Admittedly, with VoIP -- Voice over Internet Protocol -- steadily gaining prominence and a variety of options for using the platform emerging, the concept of LCR -- Least-Cost Routing -- had fallen out of vogue. After all, what sense in a per-minute pricing plan when VoIP allowed for unlimited calling anywhere for a few dollars a month or less? But Cell C's CEO Allan Knott-Craig announced that the model was back, and in a big way, thanks to new offerings from Cell C.
Cell C, working with SS Telecoms' lineup of devices, recently unveiled an LCR service that would take mobile calls down to just $.99 a minute, providing local businesses of all sizes the chance to save money on their calling. SS Telecoms' MD, George Smallberger, described the move as one that "breathes a lot of life into the LCR business case,, and that, for many of their clients, LCR was "still a viable cost management system."
Smallberger further describes a constantly changing marketplace, admitting that VoIP is an increasingly "attractive" option, and with the emergence of the WACS cable, that only shakes the market up more. But still, under the correct circumstances, many businesses can see substantial cost savings under an LCR system, especially for small businesses and SME -- Small to Medium-sized Enterprises -- looking for a simple way to get voice service established.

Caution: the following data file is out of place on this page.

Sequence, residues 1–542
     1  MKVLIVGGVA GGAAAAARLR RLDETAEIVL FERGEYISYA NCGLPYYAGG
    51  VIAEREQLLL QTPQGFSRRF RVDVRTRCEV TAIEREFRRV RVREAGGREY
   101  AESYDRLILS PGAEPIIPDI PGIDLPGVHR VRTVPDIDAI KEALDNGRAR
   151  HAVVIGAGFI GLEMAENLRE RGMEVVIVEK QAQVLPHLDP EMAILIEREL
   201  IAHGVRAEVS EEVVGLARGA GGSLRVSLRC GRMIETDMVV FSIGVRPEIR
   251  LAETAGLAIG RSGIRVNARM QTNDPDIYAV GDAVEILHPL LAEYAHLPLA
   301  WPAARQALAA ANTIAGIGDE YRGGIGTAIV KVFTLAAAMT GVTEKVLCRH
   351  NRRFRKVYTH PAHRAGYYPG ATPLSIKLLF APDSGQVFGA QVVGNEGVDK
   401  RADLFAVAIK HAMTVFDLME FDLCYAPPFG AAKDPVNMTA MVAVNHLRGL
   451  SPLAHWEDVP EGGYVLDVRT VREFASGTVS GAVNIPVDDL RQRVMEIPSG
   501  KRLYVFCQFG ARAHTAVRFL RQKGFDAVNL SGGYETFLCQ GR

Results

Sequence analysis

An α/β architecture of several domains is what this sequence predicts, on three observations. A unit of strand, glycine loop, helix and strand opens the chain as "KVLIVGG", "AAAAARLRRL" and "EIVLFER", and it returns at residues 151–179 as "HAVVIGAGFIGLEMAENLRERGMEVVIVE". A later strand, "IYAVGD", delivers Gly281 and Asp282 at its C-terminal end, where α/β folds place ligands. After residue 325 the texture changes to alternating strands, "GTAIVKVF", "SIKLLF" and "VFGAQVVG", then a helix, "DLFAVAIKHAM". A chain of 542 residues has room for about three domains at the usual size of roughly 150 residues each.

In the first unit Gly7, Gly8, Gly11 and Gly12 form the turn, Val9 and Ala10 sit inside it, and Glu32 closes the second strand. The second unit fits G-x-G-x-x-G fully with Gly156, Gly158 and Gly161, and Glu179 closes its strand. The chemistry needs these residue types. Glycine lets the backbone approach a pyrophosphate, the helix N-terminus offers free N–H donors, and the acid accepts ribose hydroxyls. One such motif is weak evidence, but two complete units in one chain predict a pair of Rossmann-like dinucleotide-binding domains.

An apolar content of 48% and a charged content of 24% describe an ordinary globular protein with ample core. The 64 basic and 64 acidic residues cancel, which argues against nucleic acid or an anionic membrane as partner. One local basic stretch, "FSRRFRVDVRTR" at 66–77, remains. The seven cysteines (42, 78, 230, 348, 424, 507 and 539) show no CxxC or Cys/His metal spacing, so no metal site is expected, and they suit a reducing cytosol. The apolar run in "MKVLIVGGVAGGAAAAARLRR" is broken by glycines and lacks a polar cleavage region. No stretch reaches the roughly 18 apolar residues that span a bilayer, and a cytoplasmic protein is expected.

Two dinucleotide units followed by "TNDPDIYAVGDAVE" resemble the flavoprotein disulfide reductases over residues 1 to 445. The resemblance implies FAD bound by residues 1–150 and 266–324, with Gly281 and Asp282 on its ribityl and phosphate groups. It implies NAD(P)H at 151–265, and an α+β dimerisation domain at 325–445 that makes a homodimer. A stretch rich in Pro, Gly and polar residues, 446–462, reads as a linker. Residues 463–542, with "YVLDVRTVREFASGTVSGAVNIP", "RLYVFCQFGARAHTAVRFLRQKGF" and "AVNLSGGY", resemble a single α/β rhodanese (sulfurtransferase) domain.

A system like this can work very well for small businesses that don't have the kind of call volume that VoIP might work best with, or don't have access to the appropriate kind of bandwidth necessary for full utilization of VoIP services, especially in the mobile venue where service can be spotty and Wi-Fi unavailable as a backup. Even Smallberger describes a landscape in which prices will be constantly in flux until the market fully shakes out, and that LCR setups can serve very well in such a dynamic ecosystem.
While each business' individual needs are all different, for those that find themselves best served by an LCR setup, they'll find an easy to use and highly adaptable system handling their voice traffic. It's not for everyone, of course, but with a well-defined niche in hand, Cell C and SS Telecom should have plenty of traffic of their own to handle, specifically, the kind going into their shops to get hands on these systems in the first place.
Edited by Rich Steeves